document authors. All rights reserved. document authors. All rights reserved.
This document is subject to BCP 78 and the IETF Trust's Legal This document is subject to BCP 78 and the IETF Trust's Legal
Provisions Relating to IETF Documents Provisions Relating to IETF Documents
(http://trustee.ietf.org/license-info) in effect on the date of (http://trustee.ietf.org/license-info) in effect on the date of
publication of this document. Please review these documents publication of this document. Please review these documents
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Table of Contents Table of Contents
1. Introduction . . . . . . . . . . . . . . . . . . . . . . . . . 4 1. Introduction . . . . . . . . . . . . . . . . . . . . . . . . . 4
2. Terminology . . . . . . . . . . . . . . . . . . . . . . . . . 5 2. Terminology . . . . . . . . . . . . . . . . . . . . . . . . . 5
3. The Browser Threat Model . . . . . . . . . . . . . . . . . . . 5 3. The Browser Threat Model . . . . . . . . . . . . . . . . . . . 5
3.1. Access to Local Resources . . . . . . . . . . . . . . . . 6 3.1. Access to Local Resources . . . . . . . . . . . . . . . . 6
3.2. Same Origin Policy . . . . . . . . . . . . . . . . . . . . 6 3.2. Same Origin Policy . . . . . . . . . . . . . . . . . . . . 6
3.3. Bypassing SOP: CORS, WebSockets, and consent to 3.3. Bypassing SOP: CORS, WebSockets, and consent to
communicate . . . . . . . . . . . . . . . . . . . . . . . 7 communicate . . . . . . . . . . . . . . . . . . . . . . . 7
4. Security for RTC-Web Applications . . . . . . . . . . . . . . 7 4. Security for WebRTC Applications . . . . . . . . . . . . . . . 7
4.1. Access to Local Devices . . . . . . . . . . . . . . . . . 7 4.1. Access to Local Devices . . . . . . . . . . . . . . . . . 8
4.1.1. Calling Scenarios and User Expectations . . . . . . . 8 4.1.1. Threats from Screen Sharing . . . . . . . . . . . . . 9
4.1.1.1. Dedicated Calling Services . . . . . . . . . . . . 9 4.1.2. Calling Scenarios and User Expectations . . . . . . . 9
4.1.1.2. Calling the Site You're On . . . . . . . . . . . . 9 4.1.2.1. Dedicated Calling Services . . . . . . . . . . . . 9
4.1.1.3. Calling to an Ad Target . . . . . . . . . . . . . 10 4.1.2.2. Calling the Site You're On . . . . . . . . . . . . 10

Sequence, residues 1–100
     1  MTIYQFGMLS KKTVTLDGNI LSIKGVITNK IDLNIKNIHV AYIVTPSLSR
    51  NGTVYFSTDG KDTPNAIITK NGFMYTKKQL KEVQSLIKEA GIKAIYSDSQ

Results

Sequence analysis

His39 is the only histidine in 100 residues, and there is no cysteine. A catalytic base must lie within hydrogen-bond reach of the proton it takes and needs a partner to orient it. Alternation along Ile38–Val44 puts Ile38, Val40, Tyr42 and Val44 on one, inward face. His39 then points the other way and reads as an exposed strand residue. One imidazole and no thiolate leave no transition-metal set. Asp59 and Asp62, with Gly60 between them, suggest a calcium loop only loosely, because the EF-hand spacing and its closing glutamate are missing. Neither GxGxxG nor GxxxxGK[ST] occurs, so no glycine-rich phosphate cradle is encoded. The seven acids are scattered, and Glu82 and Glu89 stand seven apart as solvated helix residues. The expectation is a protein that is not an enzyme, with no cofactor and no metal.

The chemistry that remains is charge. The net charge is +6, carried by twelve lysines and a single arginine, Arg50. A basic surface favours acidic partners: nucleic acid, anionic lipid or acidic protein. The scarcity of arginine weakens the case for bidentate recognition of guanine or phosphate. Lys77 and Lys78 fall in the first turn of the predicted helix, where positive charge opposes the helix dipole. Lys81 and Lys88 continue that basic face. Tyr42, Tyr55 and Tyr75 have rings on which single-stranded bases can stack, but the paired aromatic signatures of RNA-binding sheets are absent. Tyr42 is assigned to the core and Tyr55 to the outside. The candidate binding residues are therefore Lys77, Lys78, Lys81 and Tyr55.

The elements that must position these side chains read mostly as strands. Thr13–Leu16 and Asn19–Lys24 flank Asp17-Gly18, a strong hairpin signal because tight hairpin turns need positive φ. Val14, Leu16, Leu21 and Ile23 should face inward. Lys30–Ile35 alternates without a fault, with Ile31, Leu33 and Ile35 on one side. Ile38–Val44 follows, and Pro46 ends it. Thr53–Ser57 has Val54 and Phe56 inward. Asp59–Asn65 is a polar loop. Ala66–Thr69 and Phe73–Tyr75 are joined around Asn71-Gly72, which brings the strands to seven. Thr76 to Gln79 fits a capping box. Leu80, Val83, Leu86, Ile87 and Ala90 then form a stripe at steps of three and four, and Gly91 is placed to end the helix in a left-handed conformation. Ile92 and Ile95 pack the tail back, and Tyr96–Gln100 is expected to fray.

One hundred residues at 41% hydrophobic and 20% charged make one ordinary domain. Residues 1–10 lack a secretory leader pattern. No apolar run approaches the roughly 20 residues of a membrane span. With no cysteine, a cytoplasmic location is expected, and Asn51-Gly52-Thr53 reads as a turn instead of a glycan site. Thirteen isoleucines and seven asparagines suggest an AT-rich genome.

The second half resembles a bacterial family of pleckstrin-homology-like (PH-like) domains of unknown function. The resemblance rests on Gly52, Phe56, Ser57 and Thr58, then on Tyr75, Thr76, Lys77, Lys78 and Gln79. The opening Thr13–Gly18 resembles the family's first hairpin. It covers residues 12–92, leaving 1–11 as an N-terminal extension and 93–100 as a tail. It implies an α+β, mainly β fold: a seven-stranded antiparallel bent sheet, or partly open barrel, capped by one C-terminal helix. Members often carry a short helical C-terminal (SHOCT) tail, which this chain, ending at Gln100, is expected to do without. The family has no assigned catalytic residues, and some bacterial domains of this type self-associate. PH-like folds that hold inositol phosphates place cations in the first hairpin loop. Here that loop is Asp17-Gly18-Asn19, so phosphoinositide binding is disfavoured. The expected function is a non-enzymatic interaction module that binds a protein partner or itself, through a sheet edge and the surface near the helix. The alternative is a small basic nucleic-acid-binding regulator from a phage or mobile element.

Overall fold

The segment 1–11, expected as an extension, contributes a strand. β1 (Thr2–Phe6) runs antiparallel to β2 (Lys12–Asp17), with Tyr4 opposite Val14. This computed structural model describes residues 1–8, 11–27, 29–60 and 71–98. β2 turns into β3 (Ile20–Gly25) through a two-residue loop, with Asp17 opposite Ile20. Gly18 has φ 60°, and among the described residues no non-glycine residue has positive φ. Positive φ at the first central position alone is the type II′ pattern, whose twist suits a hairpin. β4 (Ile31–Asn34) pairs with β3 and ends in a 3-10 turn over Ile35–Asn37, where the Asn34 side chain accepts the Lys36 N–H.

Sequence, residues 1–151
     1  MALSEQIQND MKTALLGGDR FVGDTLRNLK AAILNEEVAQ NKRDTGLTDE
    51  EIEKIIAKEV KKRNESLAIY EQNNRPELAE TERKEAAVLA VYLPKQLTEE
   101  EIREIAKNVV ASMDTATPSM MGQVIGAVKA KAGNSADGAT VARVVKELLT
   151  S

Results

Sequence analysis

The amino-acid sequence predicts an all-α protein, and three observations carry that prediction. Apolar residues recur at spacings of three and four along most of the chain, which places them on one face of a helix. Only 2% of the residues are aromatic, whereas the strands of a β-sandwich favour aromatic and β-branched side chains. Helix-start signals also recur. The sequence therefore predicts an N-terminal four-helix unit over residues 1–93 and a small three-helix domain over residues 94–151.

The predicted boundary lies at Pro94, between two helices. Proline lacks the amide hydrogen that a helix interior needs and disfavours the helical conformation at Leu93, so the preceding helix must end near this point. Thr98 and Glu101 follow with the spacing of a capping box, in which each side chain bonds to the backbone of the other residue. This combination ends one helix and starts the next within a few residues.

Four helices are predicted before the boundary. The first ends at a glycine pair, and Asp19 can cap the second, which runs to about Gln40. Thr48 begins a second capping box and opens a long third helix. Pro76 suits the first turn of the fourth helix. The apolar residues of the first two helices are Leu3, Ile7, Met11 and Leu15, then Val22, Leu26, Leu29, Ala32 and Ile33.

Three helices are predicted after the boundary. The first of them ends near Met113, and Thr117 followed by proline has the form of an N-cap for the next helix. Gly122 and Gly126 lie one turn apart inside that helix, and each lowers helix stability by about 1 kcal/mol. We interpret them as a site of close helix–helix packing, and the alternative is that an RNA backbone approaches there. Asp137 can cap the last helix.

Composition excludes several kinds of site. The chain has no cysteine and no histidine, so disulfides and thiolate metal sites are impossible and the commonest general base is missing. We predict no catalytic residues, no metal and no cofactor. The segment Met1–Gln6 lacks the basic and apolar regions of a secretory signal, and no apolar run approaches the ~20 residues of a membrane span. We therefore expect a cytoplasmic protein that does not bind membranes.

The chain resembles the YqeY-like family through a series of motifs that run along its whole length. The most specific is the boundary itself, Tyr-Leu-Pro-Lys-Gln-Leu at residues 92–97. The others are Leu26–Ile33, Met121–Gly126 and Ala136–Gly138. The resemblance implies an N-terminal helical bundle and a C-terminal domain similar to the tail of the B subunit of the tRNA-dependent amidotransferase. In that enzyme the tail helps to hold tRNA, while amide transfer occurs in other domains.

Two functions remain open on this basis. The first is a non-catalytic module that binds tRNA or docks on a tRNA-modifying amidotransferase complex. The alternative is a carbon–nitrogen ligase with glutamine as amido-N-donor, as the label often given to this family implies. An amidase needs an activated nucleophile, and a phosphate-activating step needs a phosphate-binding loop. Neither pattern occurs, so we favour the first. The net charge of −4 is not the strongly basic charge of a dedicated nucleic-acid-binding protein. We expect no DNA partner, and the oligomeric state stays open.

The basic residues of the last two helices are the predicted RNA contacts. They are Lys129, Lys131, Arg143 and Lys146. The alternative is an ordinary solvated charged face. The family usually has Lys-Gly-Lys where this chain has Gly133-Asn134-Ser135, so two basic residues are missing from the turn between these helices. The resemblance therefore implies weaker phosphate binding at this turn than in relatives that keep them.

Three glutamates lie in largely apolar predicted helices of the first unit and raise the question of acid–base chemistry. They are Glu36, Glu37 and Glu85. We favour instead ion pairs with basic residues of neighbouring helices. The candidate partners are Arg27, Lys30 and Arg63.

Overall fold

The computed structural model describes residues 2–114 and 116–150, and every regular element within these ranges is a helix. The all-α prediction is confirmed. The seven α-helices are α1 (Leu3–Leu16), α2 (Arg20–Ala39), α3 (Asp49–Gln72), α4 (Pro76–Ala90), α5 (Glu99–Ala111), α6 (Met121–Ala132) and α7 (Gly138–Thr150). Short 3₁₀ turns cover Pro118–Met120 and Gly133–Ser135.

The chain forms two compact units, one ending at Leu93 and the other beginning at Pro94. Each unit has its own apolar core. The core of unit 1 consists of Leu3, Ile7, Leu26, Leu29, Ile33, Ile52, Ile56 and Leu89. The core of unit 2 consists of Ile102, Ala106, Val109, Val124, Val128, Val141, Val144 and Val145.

4.1.2. Origin-Based Security . . . . . . . . . . . . . . . . 10 4.1.3. Origin-Based Security . . . . . . . . . . . . . . . . 10
4.1.3. Security Properties of the Calling Page . . . . . . . 12 4.1.4. Security Properties of the Calling Page . . . . . . . 12
4.2. Communications Consent Verification . . . . . . . . . . . 12 4.2. Communications Consent Verification . . . . . . . . . . . 13
4.2.1. ICE . . . . . . . . . . . . . . . . . . . . . . . . . 13 4.2.1. ICE . . . . . . . . . . . . . . . . . . . . . . . . . 13
4.2.2. Masking . . . . . . . . . . . . . . . . . . . . . . . 13 4.2.2. Masking . . . . . . . . . . . . . . . . . . . . . . . 13
4.2.3. Backward Compatibility . . . . . . . . . . . . . . . . 14 4.2.3. Backward Compatibility . . . . . . . . . . . . . . . . 14
4.2.4. IP Location Privacy . . . . . . . . . . . . . . . . . 15 4.2.4. IP Location Privacy . . . . . . . . . . . . . . . . . 15
4.3. Communications Security . . . . . . . . . . . . . . . . . 15 4.3. Communications Security . . . . . . . . . . . . . . . . . 15
4.3.1. Protecting Against Retrospective Compromise . . . . . 16 4.3.1. Protecting Against Retrospective Compromise . . . . . 16
4.3.2. Protecting Against During-Call Attack . . . . . . . . 17 4.3.2. Protecting Against During-Call Attack . . . . . . . . 17
4.3.2.1. Key Continuity . . . . . . . . . . . . . . . . . . 17 4.3.2.1. Key Continuity . . . . . . . . . . . . . . . . . . 17
4.3.2.2. Short Authentication Strings . . . . . . . . . . . 18 4.3.2.2. Short Authentication Strings . . . . . . . . . . . 18
4.3.2.3. Third Party Identity . . . . . . . . . . . . . . . 19 4.3.2.3. Third Party Identity . . . . . . . . . . . . . . . 19
4.3.2.4. Page Access to Media . . . . . . . . . . . . . . . 19 4.3.2.4. Page Access to Media . . . . . . . . . . . . . . . 19
5. Security Considerations . . . . . . . . . . . . . . . . . . . 20 4.3.3. Malicious Peers . . . . . . . . . . . . . . . . . . . 20
6. Acknowledgements . . . . . . . . . . . . . . . . . . . . . . . 20 4.4. Privacy Considerations . . . . . . . . . . . . . . . . . . 20